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Music at Home

Some Music activities you can try at home!


  • Learn to read musical notes by completing the worksheets.
  • Listen to your favourite songs and learn to sing them.
  • Create your own rhythmic patterns using body percussion.
  • Try creating your own melodies (tunes) using a keyboard/piano. Don’t have a keyboard/piano at home? Use the worksheet on this page.
  • Explore sounds at home and make your own instrument using things such as kitchen roll tubes and tin cans. There are some ideas in this booklet or find more ideas online at BBC’s Bring the Noise.
  • Find the BBC 10 Pieceswebsite online and choose some pieces to listen to. Find your favourite and write a review about it (see review template below)
  • Visit the websites listed above
  • Find Chrome Music Lab online and create your own musical patterns – try Song Maker, Rhythm, or Melody Maker.


Five musical activities to try out at home! 


1 - Create homemade instruments with household items

Creating instruments together can be a fun activity and the instruments can then be used to explore different aspects of music.

Try creating shakers by using pasta and rice in empty bottles. 

You could also try using bottles either with filled with varying degrees of water or empty and scraping them with spoons or twigs to make sounds, or just upturned pans and colanders.


2 - Make your own simple guitar

Using tissue boxes, shoe boxes without the lids or fruit punnets you can create a string-type instrument. 

Use the box for the base of the instrument and take four to six rubber bands. Wrap the rubber bands around the base, the long way, and make sure there is space between the rubber bands. Experiment with ways of making sounds with the bands.

Also try using small pieces of sandpaper wound round a finger of each hand to rub together and create sounds.


Try using household items to make instruments


3 - Think about and use the sounds of daily life

Together with your child you could explore the sounds heard on different journeys. 

For example:

  • What does the journey to the park sound like – what may we hear on the way?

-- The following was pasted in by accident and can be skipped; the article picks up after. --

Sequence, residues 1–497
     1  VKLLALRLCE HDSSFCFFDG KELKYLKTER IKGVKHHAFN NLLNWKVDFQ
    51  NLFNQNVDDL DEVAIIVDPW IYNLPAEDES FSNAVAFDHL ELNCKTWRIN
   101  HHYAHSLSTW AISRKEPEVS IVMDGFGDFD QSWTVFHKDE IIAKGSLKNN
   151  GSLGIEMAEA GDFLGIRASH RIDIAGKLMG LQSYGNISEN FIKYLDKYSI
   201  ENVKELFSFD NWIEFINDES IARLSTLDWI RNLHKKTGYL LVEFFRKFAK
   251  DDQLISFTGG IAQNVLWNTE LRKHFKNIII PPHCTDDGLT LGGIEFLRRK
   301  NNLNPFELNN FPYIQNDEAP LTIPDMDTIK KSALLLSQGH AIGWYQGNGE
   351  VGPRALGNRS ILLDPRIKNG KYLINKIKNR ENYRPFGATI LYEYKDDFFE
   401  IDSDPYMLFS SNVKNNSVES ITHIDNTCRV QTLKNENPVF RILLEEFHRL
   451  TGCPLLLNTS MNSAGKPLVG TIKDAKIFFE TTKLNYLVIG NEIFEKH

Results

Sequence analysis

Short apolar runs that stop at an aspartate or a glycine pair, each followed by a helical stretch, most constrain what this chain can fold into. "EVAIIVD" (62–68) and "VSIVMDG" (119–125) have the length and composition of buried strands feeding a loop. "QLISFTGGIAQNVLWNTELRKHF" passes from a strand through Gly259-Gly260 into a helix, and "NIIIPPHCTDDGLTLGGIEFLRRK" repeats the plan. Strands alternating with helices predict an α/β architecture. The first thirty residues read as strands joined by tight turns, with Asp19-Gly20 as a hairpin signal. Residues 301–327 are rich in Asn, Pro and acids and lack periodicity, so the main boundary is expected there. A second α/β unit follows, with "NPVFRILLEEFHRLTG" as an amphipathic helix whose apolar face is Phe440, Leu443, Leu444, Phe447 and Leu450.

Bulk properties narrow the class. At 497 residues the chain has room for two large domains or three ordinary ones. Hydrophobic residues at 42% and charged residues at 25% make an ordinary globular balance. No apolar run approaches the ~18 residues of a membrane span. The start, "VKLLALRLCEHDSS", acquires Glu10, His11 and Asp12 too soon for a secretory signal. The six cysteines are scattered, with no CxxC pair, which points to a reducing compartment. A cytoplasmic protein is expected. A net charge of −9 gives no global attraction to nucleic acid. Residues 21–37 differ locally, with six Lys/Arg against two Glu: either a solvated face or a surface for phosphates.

• A journey around a supermarket will involve a range of different sounds. 
  • A journey to school, whether by foot, by bus or in a car will also involve a range of sounds. 

Listen out for sounds on journeys with your child and think about how these sounds could be recreated at home? 

You could make a piece of music together that represents different types of journeys that you make.

Are there any surprises on your journey and what may this sound like? 

Invite your child to draw a journey and then play this journey by using body percussion, vocals and sound makers in the home.


Think about sounds you hear every day


4 - Use drawing to think about music

Drawing to sounds and music can be a lovely listening activity, you can invite your child to ‘dance with their hands’ whilst using their crayons, pencils, felt tips, paint brushes, encouraging them to listen to the music and respond to the music through their visual art. 

You can explore this with different types of music – watch your child, do the contrasting sections affect how they draw or paint? 

Experiment with different types of music, does your child have a preference for pieces of music to draw/paint to? 


5 - Build on the anticipation in songs

Anticipation can be a key aspect in music, for example listening to hear what is going to happen next as a piece of music builds.

Examples of building anticipation musically with children are apparent in many traditional songs and games such as peepo songs and Round and Round the Garden - the anticipation is created by slowly speaking the words "one step, two steps" accompanied with the activity ending with the tickling given by the adult.

You can explore anticipation by playing vocally with your child and use movement to accompany this, e.g., start with your hands together and gradually move them apart whilst accompanying this movement with a vocal sound, keep moving the vocals as you move your hands apart and end this game by bringing your hands back together to clap. 

Once you have introduced this you can then wait for your child to clap and end the game so that they have the power to build up and release the tension, building excitement and anticipation. 

All of this can be done through the use of sound and without the need to speak or use words.


Try using educational tool Play It! to explore the different elements and instruments of song